# NavList:

## A Community Devoted to the Preservation and Practice of Celestial Navigation and Other Methods of Traditional Wayfinding

**Re: Classical Lunars diagram: who invented it ?**

**From:**Frank Reed

**Date:**2020 Feb 9, 09:46 -0800

Antoine, you wrote:

"Meanwhile I retrieved the enclosed hand copied diagram which entirely replies to this query. (To you Frank: no longer need for feedback regarding this specific query of the referenced Post)."

Is there any unfinished business from that thread for you? This "diagram" of geometry is quite fundamental, arguably *foundational*, to understanding lunars, so I'm surprised you're not familiar with it.

You asked:

"WHO was the first Mathematician / Astronomer having the idea of inventing/devising such a diagram as a preliminary step to solve Lunars ? And WHEN?"

This basic geometric principle, dependent on the constancy of the difference in azimuth "before" clearing and "after" and showing the significance of the altitudes dates from the 17th century. I am retelling this from memory from years ago, so I can guarantee that it's not entirely correct in detail, but here goes...

In the earliest discussions of lunars as an option for finding absolute time (today's UT) and then longitude, some commentators noticed that the position of the Moon relative to the Sun, planets, and stars varies from one place to another on the Earth due the Moon's parallax. At the exact same instant of absolute time, two observers on opposite sides of the globe would see the Moon's position displaced by nearly two degrees. This appeared to imply that an observer had to know the longitude (and latitude) in order to find the longitude! Would this requie some long iterative process?? At some point, resolving this issue was seen as a key step in making lunars work. Sometime in the 17th century (c.1675?? ...really just guessing from memory) a French "mathematician" detailed the geometric solution to the problem and explained that it was not necessary to know the observer's position in advance since it would suffice to measure the altitudes of the two bodies along with the lunar distance. Unfortunately, it seems that he thought he had substantially solved the problem of lunars and deserved a reward... until he was reminded that 99% of the problem remained unsolved: calculating the Moon's ephemeris.

You added:

"I am aware that quite a few "classical" clearing methods have been devised."

They're much more alike than they are distinct. Much of the variation in historical methods revolved around economies of computation, which change nothing fundamental (and are irrelevant historical curiosities today).

You concluded:

"Nonetheless they all seem to refer to such layout as the same and only basis to start their deriving their various Clearing Methods."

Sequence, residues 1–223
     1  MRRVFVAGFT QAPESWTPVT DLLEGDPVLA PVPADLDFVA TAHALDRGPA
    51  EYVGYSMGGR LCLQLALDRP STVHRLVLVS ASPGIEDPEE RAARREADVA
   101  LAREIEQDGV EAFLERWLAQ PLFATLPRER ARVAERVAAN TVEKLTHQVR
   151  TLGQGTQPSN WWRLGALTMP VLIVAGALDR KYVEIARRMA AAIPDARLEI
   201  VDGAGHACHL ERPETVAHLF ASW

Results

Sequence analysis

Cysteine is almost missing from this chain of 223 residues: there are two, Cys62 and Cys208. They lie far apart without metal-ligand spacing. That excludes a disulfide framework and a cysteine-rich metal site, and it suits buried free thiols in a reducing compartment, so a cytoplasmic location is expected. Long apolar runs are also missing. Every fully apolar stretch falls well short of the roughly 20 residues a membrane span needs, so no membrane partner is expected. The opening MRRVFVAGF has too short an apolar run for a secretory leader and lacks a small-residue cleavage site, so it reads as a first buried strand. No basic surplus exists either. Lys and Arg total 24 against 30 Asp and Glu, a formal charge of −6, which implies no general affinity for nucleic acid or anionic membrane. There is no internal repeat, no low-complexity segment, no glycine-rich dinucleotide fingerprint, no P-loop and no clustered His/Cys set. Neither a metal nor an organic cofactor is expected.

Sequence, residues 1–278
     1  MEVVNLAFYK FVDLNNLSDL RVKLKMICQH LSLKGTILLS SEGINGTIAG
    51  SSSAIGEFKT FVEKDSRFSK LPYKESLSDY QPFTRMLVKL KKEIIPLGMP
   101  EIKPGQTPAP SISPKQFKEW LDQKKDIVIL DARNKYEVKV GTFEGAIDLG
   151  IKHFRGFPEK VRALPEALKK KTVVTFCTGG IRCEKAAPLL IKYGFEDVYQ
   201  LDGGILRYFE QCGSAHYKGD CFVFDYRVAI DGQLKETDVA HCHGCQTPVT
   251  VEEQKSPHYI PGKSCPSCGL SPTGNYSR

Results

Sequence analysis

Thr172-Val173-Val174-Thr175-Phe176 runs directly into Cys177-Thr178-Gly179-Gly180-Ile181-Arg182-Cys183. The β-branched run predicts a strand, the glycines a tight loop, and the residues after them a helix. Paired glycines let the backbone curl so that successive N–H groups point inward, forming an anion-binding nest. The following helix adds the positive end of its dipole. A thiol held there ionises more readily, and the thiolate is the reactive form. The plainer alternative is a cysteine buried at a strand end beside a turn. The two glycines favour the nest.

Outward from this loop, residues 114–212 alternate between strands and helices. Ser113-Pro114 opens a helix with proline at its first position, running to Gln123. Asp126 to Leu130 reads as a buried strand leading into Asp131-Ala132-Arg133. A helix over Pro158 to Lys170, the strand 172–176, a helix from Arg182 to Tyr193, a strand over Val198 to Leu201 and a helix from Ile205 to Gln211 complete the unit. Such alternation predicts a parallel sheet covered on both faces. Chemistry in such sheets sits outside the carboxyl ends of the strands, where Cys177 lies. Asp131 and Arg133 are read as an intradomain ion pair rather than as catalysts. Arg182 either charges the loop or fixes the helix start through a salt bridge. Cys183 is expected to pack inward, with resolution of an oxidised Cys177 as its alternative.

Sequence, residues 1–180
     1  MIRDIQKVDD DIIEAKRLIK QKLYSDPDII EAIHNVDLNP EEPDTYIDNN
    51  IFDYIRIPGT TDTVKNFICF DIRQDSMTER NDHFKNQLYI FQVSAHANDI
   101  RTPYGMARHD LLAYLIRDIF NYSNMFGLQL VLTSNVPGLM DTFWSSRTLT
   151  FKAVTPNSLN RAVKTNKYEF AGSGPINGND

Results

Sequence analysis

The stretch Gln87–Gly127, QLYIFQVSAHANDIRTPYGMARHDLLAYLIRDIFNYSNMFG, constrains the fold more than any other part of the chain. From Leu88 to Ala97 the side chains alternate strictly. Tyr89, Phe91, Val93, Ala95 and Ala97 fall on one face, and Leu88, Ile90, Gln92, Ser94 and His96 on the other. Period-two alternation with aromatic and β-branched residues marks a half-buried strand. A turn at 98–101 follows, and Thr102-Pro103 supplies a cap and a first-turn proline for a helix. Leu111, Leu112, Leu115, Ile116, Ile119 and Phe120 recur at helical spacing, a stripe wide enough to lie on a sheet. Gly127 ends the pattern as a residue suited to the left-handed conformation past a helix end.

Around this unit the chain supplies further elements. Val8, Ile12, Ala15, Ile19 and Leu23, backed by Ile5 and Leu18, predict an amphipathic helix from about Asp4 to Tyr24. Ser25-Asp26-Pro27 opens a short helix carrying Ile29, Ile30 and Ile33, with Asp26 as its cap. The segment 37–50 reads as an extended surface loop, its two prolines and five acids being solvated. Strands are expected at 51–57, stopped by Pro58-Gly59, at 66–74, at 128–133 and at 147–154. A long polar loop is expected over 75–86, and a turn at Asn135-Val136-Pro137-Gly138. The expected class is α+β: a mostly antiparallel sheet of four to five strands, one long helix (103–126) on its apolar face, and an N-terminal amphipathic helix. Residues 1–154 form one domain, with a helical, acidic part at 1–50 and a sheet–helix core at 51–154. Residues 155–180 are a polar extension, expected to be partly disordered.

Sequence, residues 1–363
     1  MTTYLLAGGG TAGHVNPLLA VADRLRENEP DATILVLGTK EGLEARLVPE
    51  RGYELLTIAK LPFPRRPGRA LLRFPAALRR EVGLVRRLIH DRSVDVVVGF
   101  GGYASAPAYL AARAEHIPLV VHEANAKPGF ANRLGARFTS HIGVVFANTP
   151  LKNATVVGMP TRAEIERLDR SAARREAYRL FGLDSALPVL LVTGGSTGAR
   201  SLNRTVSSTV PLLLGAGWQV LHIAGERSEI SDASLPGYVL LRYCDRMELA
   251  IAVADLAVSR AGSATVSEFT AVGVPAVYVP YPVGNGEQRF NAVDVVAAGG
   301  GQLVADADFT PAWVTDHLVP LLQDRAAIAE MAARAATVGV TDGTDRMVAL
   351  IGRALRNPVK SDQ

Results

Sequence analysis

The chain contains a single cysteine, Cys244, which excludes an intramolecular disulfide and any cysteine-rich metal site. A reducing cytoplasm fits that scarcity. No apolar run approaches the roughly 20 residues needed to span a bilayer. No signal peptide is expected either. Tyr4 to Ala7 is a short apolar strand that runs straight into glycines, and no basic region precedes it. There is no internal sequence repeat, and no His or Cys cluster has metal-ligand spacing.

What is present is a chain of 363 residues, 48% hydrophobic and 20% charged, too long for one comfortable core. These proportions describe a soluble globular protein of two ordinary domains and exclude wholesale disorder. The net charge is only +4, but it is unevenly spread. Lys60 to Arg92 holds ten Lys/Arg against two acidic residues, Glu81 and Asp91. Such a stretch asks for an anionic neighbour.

Yes, it's the fundamental way of looking at the geometry. Solutions derived from that geometry without modification are in the category that I call "direct triangle" solutions. Any other geometric relationships can be derived from the direct triangle one way or another. Many popular methods from the late 18th century through the mid-19th were "series" methods. These can be derived by taking the standard direct triangle equation and differentiating. Of course, as with so many things in math, there are ways of deriving the primary terms of the standard series solutions by "drawing pictures" without knowing a darn thing about differentiation. And that's a good thing!

Below is a version of the standard diagram from an appendix to an edition of the British "Abridged Nautical Almanac". It's worth noting that the diagram was illustrating a series method instead of a direct triangle solution, which reminds us that the geometry is *fundamental* regardless of the algorithm of solution.

Though lunars were obsolete and rarely practiced at sea by 1850 even on lowly American vessels and twenty years or more earlier on most British vessels, they were retained on exams for navigators through the end of the 19th century because they were an excellent means of torturing students (or more generously, a means of finding those navigators whose skills and understanding were deeper than other students). Yet more remarkable, the pages from the appendix below are from the Abridged Nautical Almanac for the year 1919. Why in the world was anyone publishing details on lunars at such a late date? They certainly had no practical value. Probably we're seeing here the personal preference of one of the editors of the almanac who has managed to slip in these very few pages on lunars at the end of the volume. And even this author acknowledges that they're not practical. His excuse for recommending lunars would work as well today as it did one century and one year ago when this almanac was in use:

"*there is probably no better method of becoming an expert observer with the sextant that by practising this observation*".

Frank Reed